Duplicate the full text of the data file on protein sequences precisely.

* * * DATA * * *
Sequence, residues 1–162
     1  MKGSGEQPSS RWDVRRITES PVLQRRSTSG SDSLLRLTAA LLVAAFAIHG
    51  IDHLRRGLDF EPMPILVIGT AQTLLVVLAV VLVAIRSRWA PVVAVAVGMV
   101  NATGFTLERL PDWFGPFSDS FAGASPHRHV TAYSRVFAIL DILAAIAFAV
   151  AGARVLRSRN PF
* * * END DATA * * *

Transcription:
Sequence, residues 1–162
     1  MKGSGEQPSS RWDVRRITES PVLQRRSTSG SDSLLRLTAA LLVAAFAIHG
    51  IDHLRRGLDF EPMPILVIGT AQTLLVVLAV VLVAIRSRWA PVVAVAVGMV
   101  NATGFTLERL PDWFGPFSDS FAGASPHRHV TAYSRVFAIL DILAAIAFAV
   151  AGARVLRSRN PF